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Crowdfunded degrees: the perfect solution for Generation Sell Yourself

posted Jul 29, 2014, 11:15 PM by Siamak Ebarhimi

Crowdfunded degrees mean further education could soon become the preserve of those who are loudly able to sell themselves rather than the quietly academic, writes Theo Merz

Say you were offered a place on the Master’s course of your dreams, but couldn’t afford the £26,000 course costs. From there, you would have a choice: delay your studies for years and work to scrape the money together, or find a group of willing people to donate, which would allow you to start the Master’s immediately.CrowdFunding advertizing

It was a choice outlined for us yesterday by Emily-Rose Eastop, the Oxford graduate who was accused of being “a posh brat” after setting up a crowdfunding campaign to cover her fees for an MA (again at Oxford) in cognitive and evolutionary anthropology. “It’s no secret that the public will crowdfund all manner of projects and campaigns,” she wrote. “If the online community is prepared to fund a potato salad, or a pizza museum, then why not a Master's degree?

“I’ve accepted [donors’] assistance gratefully, in exchange for a year-long commitment of making it worth their while. I will be communicating everything I learn during the course of my Master’s - so they can learn it, too. Those people who don’t find my motivation compelling enough? They’re not the kind of people I’m expecting to get involved in the first place.”

The human sciences graduate has so far won enough people round to raise £16,000 towards her fees, and her article yesterday seemed to convince readers, with many of them praising her initiative in below-the-line comments. She wasn’t hurting anyone; you would have done the same in her situation. It’s a compelling case and almost enough to melt the hearts of those whose instinctive reaction to requests via websites like GoFundMe is to tell the requestee to GoF---Themselves.CrowdFunding marketing

YouTube Video

So - good on Eastop. If her enthusiastic appeal video is anything to go by, she’ll throw herself into her studies when she arrives at Wadham College in October. She’s done whatever it takes to fulfil her dreams, which naturally appeals to a generation raised on the X-Factor.Kickstarter Marketing

But in praising her initiative and donating to her campaign, we’re not just helping one young woman achieve her ambition. We’re making an implicit statement about the way further education should be funded: that if you’ve got the personality to sell yourself and carry off a slick YouTube video, you are somehow worthy of a place on a Master’s course. Meanwhile, those who are equally gifted but more quietly academic - less obviously saleable - will have to delay their studies or give up on them all together.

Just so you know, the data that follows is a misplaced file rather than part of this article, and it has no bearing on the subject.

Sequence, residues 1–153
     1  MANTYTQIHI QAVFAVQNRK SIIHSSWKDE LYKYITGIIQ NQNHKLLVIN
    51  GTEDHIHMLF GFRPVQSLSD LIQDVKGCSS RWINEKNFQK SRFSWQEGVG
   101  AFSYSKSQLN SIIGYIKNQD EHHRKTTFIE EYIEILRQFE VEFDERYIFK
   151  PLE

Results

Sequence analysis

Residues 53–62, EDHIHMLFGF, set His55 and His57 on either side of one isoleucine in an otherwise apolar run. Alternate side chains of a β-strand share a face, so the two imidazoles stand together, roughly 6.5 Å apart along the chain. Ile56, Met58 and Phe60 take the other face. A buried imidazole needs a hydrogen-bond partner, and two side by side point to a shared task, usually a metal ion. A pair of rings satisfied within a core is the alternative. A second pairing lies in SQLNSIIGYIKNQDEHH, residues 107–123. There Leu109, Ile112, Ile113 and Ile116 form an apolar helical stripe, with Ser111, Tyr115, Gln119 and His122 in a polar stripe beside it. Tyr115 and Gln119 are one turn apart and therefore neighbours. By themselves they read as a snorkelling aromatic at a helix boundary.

The photogenic and confident leapfrog the shy even in academia, an area where the latter might otherwise be allowed to thrive. (Eastop is photogenic, as the image above demonstrates - and if we’re comfortable with using what we have to get what we want, it shouldn't be a problem pointing this out.) Over on another crowdfunding site, the less obviously media-friendly Nick Gaven has raised £700 towards a Master’s at Oxford, a fraction of what Eastop has managed.

And away from crowdfunding sites altogether, hundreds of would-be students are turning down their places either because they lack a strong enough “personal brand” to fuel a viral campaign or because they object to what they see as “e-begging”.Indiegogo Marketing

I called PR man and branding expert Mark Borkowski to talk about this trend towards crowdfunding in education, expecting him to tell me to ditch these romantic notions about academia and accept that personal branding is now key in all areas of our life. But even Borkowski, who has made a living out of packaging people into saleable units, regrets how far this culture has now spread.

“It’s like Big Brother, as in Endemol rather than Orwell” he said. “People who can make a good video and play the system will do well, but I feel sad that the geeks and quiet academics will suffer. Personality plays a huge part in life, but not everyone can become a media brand. This is very troubling for the people who can’t, who aspire to a probably brilliant but quiet life in academia.”

We should thank websites GoFundMe for helping to ensure postgraduate studies are no longer the preserve of the rich (while noting that these crowdfunding sites are not charities; they take a cut of all donations made, making it more cost effective to go directly to potential donors if possible). It's now the rich and the saleable who get first dibs on Master's degrees. If only priority were given to the best.crowdfunding websites

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By David Khorram